8. 8. A Private Conference
Arathea ate in relative silence, speaking only when spoken to and then only as much as needed. The rest of the time, she listened to the men. She was very perceptive and could read body language very well. She took this opportunity to observe those around her. Éomer had been correct when he said the older advisors thought the king ignorant of diplomatic matters and the proper running of the court. “In the past…” and “When your uncle was king…” were phrases she heard excessively and it caused her to glower at the older men. At the same time, a younger advisor was quick with, “If you take my advice…” and “Trust me, Sire…” When someone has to use the words ‘trust me’ that often, it is best to be wary. The only ones at the table who offered truly honest council and support where the Marshals Grimbold and Elfhelm and Captain Gamling. Thea liked them and if Éomer was smart, he would keep them very close at hand. She was brought up short when she felt a gentle kick under the table. She looked up from her food at Elfhelm seated across the table; then she saw all eyes on her. A blush blossomed on her cheeks.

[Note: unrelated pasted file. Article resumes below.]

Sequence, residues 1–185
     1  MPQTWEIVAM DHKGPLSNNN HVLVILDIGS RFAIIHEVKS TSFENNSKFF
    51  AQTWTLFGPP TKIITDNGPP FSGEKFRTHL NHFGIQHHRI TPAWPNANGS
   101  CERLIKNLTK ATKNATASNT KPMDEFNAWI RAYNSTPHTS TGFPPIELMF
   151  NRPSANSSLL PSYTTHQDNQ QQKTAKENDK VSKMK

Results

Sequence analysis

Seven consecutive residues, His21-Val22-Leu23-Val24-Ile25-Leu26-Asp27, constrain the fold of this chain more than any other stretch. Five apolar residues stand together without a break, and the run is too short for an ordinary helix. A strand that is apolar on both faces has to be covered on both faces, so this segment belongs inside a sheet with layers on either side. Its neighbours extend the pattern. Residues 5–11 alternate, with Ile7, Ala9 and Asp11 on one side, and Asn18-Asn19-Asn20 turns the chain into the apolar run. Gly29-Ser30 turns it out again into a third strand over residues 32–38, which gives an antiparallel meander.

Marshal Elfhelm, who was responsible for the nudge, quickly spoke up, hoping to spare the lady any further embarrassment. “The King is right. Our history should be kept in the safest place. The question is where that may be. Mistress, as you have experience in such matters, what are your thoughts?”
“It is true,” she began, choosing her word carefully, “that the histories must be kept somewhere safe; not just from potential violence, but from the ravages of time. Minas Tirith houses the library of Gondor and Arnor. If Minas Tirith suffers some great calamity, a fire or earthquake that destroys the library, information will be lost forever. Imladris houses the histories of nearly all the realms; however, copies of the most valuable items are also kept at the Gray Havens; in this way, should one be destroyed, the other would survive. It has been this way for generations.” When she finished, her eyes lingered on Elfhelm, sending a silent message of thanks. He responded with a wink.
“Forgive me *Mistress*,” the word was said without respect, “how is it an uprooted scribe with no home,” the young advisor quickly tempered his words when Éomer shot him a warning glance, “no matter how talented, is familiar with the dealings and rational behind the library of fabled Rivendell?”
Éomer watched Arathea carefully; he would not intervene this time.
Thea pinned the young man beneath her stare, green eyes dangerously dark, “because I have had the honor of visiting it.” All eyes were now on her in disbelief. “Before the war began, I spent time in the tutelage of Master Erestor.” There was a collective gasp from the older advisors. The Chief Councilor of Rivendell was legend. Silence followed as Thea lowered her hackles. Gradually, everyone returned to his or her meal, though conversation was limited. Éomer finally put an end to the unease.